– Xynariz
    Apr 26, 2016 at 17:43
  • 1
    $\begingroup$ @Xynariz Makes sense to me! No worries, and thanks! $\endgroup$
    – user20
    Apr 26, 2016 at 18:43

Some simple strategies I've found are:

  1. Look for zeroes. Any time you have $X + Y = X$ in the ones column, you know that $Y = 0$.
  2. Look for doubles. Any time you have numbers of the format $A + A = B$ in the ones column, you know that $B$ is even, and you know that either $0 < A < 5$ OR that there is a carrying one to the next column.
  3. Look for carrying ones. Any time the answer has more columns in the answer than in the problem, you know that the value in the "extra" column is a $1$. (In the example problem given, you know that $M = 1$.)

Tips 1 and 2 can work for columns other than the ones column, but make sure you consider the possibility of carrying. Also, these strategies must be modified if there are more than two "words" being added together.

Edit to add: My answer only covers a very small subset of cases, and will not solve all scenarios. Emrakul's answer describes how to translate the alphametic problem into smaller algebraic equations, and gives a sample of how to start solving the problem. Reti43's answer goes into more detail about how to find certain patterns in those algebraic equations that can help you solve it faster. While both answers are a bit technical, they are both very good reads, and far more helpful than my answer.

  • 1
    $\begingroup$ A is not necessarily restricted to less than 5 in A + A = B. For example, 7 + 7 = 4 (mod 10). However, what you do know is that there must be no carry from the addition in the previous column, or else you'd get 2*A + carry = even + odd = odd. And X + Y = X is actually X + Y + carry = X, so you can either have (Y = 0, carry = 0), or (Y = 1, carry = 1). $\endgroup$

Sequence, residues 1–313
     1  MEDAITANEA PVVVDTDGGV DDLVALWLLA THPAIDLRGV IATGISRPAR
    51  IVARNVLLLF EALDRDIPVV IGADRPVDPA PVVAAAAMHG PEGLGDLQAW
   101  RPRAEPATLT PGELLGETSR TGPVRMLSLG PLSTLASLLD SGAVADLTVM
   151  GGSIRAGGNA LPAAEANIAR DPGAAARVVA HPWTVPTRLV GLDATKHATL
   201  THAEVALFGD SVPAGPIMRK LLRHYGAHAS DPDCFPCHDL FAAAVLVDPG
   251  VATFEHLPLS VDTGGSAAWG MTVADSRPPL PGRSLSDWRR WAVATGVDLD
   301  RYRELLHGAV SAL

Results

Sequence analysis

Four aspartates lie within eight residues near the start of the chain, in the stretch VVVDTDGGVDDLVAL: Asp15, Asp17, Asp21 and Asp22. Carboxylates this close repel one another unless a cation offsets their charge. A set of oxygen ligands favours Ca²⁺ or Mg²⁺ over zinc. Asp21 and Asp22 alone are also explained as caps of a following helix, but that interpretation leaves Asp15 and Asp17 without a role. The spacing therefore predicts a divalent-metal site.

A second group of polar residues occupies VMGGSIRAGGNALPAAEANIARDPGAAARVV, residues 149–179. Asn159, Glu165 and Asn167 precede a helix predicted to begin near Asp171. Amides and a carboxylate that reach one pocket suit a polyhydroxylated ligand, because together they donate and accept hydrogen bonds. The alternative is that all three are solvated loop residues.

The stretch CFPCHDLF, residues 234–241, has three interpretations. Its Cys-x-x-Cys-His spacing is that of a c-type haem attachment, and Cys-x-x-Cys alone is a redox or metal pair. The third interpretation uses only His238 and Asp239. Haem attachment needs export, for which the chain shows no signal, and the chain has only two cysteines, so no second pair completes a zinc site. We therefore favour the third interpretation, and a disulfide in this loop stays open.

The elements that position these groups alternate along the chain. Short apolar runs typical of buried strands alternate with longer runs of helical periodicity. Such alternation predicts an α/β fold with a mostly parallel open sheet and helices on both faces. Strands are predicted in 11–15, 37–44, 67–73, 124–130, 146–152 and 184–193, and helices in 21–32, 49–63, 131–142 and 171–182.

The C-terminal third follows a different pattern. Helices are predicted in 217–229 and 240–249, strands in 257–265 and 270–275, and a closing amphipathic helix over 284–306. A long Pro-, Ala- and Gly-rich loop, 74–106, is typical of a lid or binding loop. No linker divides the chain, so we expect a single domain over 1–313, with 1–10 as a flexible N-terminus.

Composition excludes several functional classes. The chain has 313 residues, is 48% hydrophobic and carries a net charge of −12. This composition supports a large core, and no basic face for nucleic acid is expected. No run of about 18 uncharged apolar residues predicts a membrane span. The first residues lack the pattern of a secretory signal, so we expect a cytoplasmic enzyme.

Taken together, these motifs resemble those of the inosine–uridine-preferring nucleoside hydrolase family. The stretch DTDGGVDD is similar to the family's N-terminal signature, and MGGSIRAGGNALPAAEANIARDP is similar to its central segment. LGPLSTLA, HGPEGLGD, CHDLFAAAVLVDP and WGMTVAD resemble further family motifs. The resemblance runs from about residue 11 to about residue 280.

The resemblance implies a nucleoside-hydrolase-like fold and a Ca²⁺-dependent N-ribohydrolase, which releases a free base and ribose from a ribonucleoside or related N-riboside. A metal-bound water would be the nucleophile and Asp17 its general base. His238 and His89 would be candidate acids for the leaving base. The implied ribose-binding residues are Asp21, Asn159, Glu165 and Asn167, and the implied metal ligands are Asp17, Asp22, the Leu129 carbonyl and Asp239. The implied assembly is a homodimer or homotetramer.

– Reti43
    Apr 23, 2016 at 10:10
  • $\begingroup$ @Reti43 While that part of my answer was specifically referring to the ones column (so there can be no carry into that column), you are correct about the fact that there can be carry out of that column if A > 4. I'll update the answer to reflect that. $\endgroup$
    – Xynariz
    Apr 25, 2016 at 15:20
  • $\begingroup$ Yes, keeping it general ensures you won't ignore any solutions that involve carry digits. Obviously for the first column you start with carry = 0. By the way, I just realised that I meant Y = 9, carry = 1 above. $\endgroup$
    – Reti43
    Apr 25, 2016 at 15:33
  • $\begingroup$ This is exactly the sort of general solution I was hoping to get when I posted this question. Feel free to post an answer with generalized solutions like that! While the brute-force approach in the accepted answer works, "intuitive guessing" strategies are ones I find easier to use. $\endgroup$
    – Xynariz
    Apr 25, 2016 at 15:39

Note that cryptarithms are NP-hard if you don't insist on base 10, see https://www.ics.uci.edu/~eppstein/pubs/Epp-SN-87.pdf.

I suspect the number 10 doesn't have any special features that make base 10 cryptarithms significantly easier than cryptarithms in any other basis, other than being small.

Thus I bet that no technique will turn the problem of solving cryptarithms into a polynomial-time problem; no technique will (in some sense) be a fundamental improvement over (pruned) brute force search.

Most likely the best way of pruning your search is finding what appears to be the most constrained letter, defaulting to right-to-left, and trying out all possibilities, aborting the current branch of your search if you run into contradictions.

The currently accepted answer has good suggestions which will guide you toward the richest sources of constraints and contradictions.